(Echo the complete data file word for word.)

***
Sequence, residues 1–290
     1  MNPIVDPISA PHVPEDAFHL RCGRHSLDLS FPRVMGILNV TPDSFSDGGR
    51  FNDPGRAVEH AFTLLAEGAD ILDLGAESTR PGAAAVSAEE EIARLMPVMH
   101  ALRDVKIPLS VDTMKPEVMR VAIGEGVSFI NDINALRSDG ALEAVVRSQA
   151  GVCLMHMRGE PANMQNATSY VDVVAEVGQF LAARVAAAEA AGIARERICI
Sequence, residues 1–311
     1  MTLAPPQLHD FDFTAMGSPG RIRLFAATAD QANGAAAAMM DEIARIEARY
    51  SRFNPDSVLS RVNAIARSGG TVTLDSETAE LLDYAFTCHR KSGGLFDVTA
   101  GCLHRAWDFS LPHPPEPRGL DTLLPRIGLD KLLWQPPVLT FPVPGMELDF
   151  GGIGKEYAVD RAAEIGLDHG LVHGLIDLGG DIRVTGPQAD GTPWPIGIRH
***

Sequence, residues 1–290
     1  MNPIVDPISA PHVPEDAFHL RCGRHSLDLS FPRVMGILNV TPDSFSDGGR
    51  FNDPGRAVEH AFTLLAEGAD ILDLGAESTR PGAAAVSAEE EIARLMPVMH
   101  ALRDVKIPLS VDTMKPEVMR VAIGEGVSFI NDINALRSDG ALEAVVRSQA
   151  GVCLMHMRGE PANMQNATSY VDVVAEVGQF LAARVAAAEA AGIARERICI
Sequence, residues 1–311
     1  MTLAPPQLHD FDFTAMGSPG RIRLFAATAD QANGAAAAMM DEIARIEARY
    51  SRFNPDSVLS RVNAIARSGG TVTLDSETAE LLDYAFTCHR KSGGLFDVTA
   101  GCLHRAWDFS LPHPPEPRGL DTLLPRIGLD KLLWQPPVLT FPVPGMELDF
   151  GGIGKEYAVD RAAEIGLDHG LVHGLIDLGG DIRVTGPQAD GTPWPIGIRH